Friday, August 05, 2011

What would change your mind?

There's not much good philanthropy evangelism out there. Individual charities have marketing departments, of course, but not many people who advocate philanthropy in general. By philanthropy, I mean personally significant giving to causes you think are important (not $20 here and there to random charities that send you mailings).

Giving What We Can is one attempt at this, which I think is quite well done. Bolder Giving is another, though it has rather a lot of millionaires and not a lot of ordinary people. Peter Singer's writings seem to have reached a lot of people, or at least gotten some media attention.

Here are my guesses at why people don't like to think about giving:

  • It's scary to think about what you might give up. In fact, I've found the thinking to be more painful than the actual lifestyle changes. Jeff and I have a very high quality of life on not much money. Philanthropy does not have to be a drag.

  • It can be difficult to make financial decisions once you realize your pocket money could be saving someone's life. I used to agonize over every purchase, which was not good for my mental health (and thus my ability to keep giving). Laying out a budget with money that definitely will and will not be given away has made my life much easier.

  • It can be lonely. I waited about 10 years before I heard of anyone with a giving philosophy similar to mine. The internet is helping create communities, though.
      
  • Talking about money is hard.  I'm afraid of being a guilt tripper, and I think other people are afraid of being guilted into something.

  • We all know people who are richer than us, and it's easy to feel deprived in comparison. This mindset does not encourage generosity. A feeling of abundance does.

  • Serious givers are often intense/kooky people. People who disagree with Peter Singer about animal rights or euthanasia may discount his writings on giving. I used to think the existential risk people were cranks, but I'm starting to take them more seriously.
So here is my question to you, dear readers: what are your qualms? Are there things that would make you think differently about giving?

5 comments:

ajbc said...

One hard part about giving is not knowing how much to give. As long as I am living comfortably, I know I can be giving more. Do I change my lifestyle to buy worse food for the sake of saving someone's life? Do I stop putting money into retirement? Do I give up on the dream of owning land? Do I send my potential children to college? Where do you draw the line?

Additionally, there's the problem of determining where to give, which is complicated for me by religion. My church basically requires a 10% tithe for "full membership," but even though it goes to many wonderful causes including international aid, I know that that it's not the most efficient use of the money. How does that factor in to determining how much to give? Is it selfish to put money in a less efficient place if there are other benefits to doing so?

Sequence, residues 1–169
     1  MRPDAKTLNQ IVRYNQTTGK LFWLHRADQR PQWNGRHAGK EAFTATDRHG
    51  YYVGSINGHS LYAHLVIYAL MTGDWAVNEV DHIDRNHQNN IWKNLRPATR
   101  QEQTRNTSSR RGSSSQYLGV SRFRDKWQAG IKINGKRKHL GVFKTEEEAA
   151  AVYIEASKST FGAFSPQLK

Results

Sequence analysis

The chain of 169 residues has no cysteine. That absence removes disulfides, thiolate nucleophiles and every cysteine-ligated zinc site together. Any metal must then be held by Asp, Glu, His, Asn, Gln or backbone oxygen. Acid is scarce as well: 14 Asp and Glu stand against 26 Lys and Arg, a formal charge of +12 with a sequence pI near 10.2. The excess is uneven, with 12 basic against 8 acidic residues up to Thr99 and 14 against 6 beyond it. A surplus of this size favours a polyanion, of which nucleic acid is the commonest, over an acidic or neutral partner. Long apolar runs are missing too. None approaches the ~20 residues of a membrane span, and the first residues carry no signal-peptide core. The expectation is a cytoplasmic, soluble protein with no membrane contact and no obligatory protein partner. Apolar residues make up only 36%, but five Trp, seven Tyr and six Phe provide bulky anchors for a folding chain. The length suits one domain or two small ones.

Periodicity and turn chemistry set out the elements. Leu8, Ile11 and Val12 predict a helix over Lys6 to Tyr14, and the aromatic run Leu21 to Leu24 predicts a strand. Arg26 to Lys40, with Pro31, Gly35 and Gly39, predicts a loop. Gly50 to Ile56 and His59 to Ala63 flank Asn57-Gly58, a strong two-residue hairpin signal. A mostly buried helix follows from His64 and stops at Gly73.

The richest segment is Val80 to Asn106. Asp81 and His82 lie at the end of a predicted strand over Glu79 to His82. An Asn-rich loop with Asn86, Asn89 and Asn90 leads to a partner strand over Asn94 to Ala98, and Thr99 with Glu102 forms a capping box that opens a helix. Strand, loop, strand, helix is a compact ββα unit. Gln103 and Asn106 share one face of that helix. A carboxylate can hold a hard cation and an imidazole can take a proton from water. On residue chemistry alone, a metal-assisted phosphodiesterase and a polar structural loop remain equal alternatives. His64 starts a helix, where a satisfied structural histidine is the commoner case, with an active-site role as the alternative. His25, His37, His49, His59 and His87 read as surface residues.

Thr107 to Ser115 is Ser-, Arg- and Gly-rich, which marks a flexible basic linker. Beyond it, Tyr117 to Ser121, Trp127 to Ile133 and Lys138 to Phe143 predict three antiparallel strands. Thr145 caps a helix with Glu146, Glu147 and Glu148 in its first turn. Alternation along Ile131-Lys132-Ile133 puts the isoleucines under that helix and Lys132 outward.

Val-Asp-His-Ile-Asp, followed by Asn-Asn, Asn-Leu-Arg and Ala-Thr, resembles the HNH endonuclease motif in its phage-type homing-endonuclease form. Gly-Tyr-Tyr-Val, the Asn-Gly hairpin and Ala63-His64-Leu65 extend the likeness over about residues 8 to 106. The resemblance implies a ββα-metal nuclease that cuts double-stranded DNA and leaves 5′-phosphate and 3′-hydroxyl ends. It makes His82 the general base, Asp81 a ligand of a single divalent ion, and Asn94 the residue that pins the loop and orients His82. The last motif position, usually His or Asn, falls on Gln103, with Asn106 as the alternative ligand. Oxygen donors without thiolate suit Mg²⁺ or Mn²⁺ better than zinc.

JY said...

Thank you for posting about giving. Reading other people's thoughts on the subject reminds me to be mindful and consider what I do with my money. In the past, my main problem with giving was inertia. I just needed to get in the habit of giving. A lot of charities/aid groups have automated monthly giving plans, which works well for me because it is easy to budget (since its monthly) and requires minimal effort on my part (because it's automatic and I don't have to remember). I started with small, painless, monthly contributions, and I have been growing them over time. I find that giving makes me feel rich, because I KNOW I have more money than I need, which is all rich is really.

Julia Wise said...

AJBC - It is hard to know how much to give. My advice is to take a stab at a sum or percentage, and try that for six months or a year. After that, adjust as desired. When you start thinking of giving as a normal part of your budget, it doesn't sound that bad.

We're guessing higher education will look really different by the time our kids are 18, so we're not really sure how to plan about college.

About non-optimized giving, I think this article sums up my thoughts:
http://blog.givewell.org/2010/03/08/nothing-wrong-with-selfish-giving-just-dont-call-it-philanthropy/

JY: Automatic donations work well, because they are pretty painless and take out the constant decision making. The only problem is when your credit card expires and you forget to set it up again - I used to see donors who had accidentally stopped giving for years. So remember to tell them if your card changes!

David said...

Here's Seth Godin (recent post! very timely) on a related subject:

http://sethgodin.typepad.com/seths_blog/2011/08/the-benefits-of-charity.html

I've been meaning to work out something about what I think and post a comment. But I think the factors you pointed to are pretty important.

Julia Wise said...

David,
Thanks for the link to that post. Ideally we'd all pick quite a high amount to give and a low amount to keep, but if thinking about that makes you stressed/guilty and less likely to give, giving whatever you feel good about is much better than nothing.